W3C home > Mailing lists > Public > public-linked-json@w3.org > December 2011

RE: Multi-pass @context (ISSUE #41)

From: Markus Lanthaler <markus.lanthaler@gmx.net>
Date: Thu, 1 Dec 2011 23:19:31 +0800
To: "'Linked JSON'" <public-linked-json@w3.org>
Cc: "'Gregg Kellogg'" <gregg@kellogg-assoc.com>
Message-ID: <015d01ccb03c$a3538d70$e9faa850$@lanthaler@gmx.net>
> This requires two passes over @context, first to resolve prefixes, and
> second to use those prefixes in @datatype declarations. Note that
> before, when @coerce was a separate object, this processing was in
> effect; it was lost when we folded in datatypes with prefix
> definitions.
> As a related issue, we could consdier the following:
> @context: {
>   "xsd": "http://www.w3.org/2001/XMLSchema#",
>   "dc": "http://purl.org/dc/terms/",
>   "date": {"@iri": "dc:date", "@datatype": "xsd:date"}
> }
> This adds another layer of complication, as it may require more than
> two passes to resolve the use of CURIEs in @iri definitions, so I would
> not go this far, although the use of a CURIE should be allowed, if it
> is defined in an outer context.

I think that would create quite some confusion and inconsistencies as a
prefix could be overwritten in the local context. The expansion algorithm
would use the previous value for expanding @iri while the current value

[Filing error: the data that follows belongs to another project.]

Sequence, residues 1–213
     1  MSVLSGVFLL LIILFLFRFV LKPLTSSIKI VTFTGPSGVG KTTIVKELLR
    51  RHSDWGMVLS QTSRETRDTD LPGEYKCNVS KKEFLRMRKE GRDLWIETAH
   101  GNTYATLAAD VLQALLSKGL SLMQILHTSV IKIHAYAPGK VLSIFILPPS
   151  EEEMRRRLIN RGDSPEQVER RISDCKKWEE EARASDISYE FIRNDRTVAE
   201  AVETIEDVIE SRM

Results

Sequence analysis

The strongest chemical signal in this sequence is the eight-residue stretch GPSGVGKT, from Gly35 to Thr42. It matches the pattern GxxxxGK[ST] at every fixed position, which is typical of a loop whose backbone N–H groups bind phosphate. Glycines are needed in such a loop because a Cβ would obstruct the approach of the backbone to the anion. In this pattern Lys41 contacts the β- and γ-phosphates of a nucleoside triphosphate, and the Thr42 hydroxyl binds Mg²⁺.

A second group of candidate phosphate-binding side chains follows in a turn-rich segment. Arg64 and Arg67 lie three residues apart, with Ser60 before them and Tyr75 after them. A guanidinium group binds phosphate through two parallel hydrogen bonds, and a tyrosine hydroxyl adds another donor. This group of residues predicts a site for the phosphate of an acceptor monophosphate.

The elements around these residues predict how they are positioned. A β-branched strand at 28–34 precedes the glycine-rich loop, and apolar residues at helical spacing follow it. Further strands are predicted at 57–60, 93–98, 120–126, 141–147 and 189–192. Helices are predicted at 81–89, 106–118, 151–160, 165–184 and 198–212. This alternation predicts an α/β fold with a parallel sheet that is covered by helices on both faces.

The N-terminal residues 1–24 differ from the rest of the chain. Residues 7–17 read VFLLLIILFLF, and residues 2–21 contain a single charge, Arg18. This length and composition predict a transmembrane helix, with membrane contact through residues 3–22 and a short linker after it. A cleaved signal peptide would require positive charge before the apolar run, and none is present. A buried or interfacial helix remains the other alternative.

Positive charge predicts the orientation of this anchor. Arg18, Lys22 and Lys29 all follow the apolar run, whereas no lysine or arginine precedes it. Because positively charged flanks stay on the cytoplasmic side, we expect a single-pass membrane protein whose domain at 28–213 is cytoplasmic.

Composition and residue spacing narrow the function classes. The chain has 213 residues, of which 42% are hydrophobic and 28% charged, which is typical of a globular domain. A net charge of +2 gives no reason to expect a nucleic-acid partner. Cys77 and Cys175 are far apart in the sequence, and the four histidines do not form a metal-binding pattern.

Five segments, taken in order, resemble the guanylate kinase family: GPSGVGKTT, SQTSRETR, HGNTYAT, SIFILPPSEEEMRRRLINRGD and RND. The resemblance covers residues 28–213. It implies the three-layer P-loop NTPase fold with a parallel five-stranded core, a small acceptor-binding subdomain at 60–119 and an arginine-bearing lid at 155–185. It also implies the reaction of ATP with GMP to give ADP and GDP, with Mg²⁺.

would be used for expanding @datatype.

That being said, the whole local context has to be in-memory anyway; it
can't be processed on-the-fly as a stream. So I don't think we should spent
to much thoughts on this. The only thing we should be aware of and that we
should make clear in the spec is that cycles are possible and should be

> I believe that we should adopt the first form, as it is a natural way
> to create a context for authors, and there is a reasonable possibility
> that there will be errors if authors do not separate prefix definitions
> from the usage in datatypes.

I would prefer the second form as it really eases the life of users while
the algorithms aren't getting much more complex. I quickly hacked a demo in
PHP [1] that can process prefix:suffixes in @iri and in @datatype.

We also have to make clear that just a absolute/relative IRI and a
prefix:suffix can be used but not a normal term as that would be interpreted
as a relative IRI. Sometimes I really think it would be much easier if we
would use the square bracket convention to denote CURIEs.

> I propose that we formally say that context object traversal is a two-
> pass operation, where first IRIs for defined terms are identified and
> then @datatype and @list processing occurs, so that prefixes defined
> within a context can be used for @datatype definitions.

Why do we have to say that formally? That's an implementation detail.

> As an alternative, we could define a set of terms that are defined in a
> global "default" context, similar to RDFa's default context. There we
> could define mappings for xsd, rdf, dc, foaf, schema and others. This
> would eliminate most need for doing two-pass processing of contexts.

I have a really strong opinion of not doing this. It just makes things more
complicated than they need to be. We can have a reference context defined
somewhere at w3.org or json-ld.org that can be imported with those defaults
but not hardcoded in the implementation.


Markus Lanthaler
Received on Thursday, 1 December 2011 15:20:20 UTC

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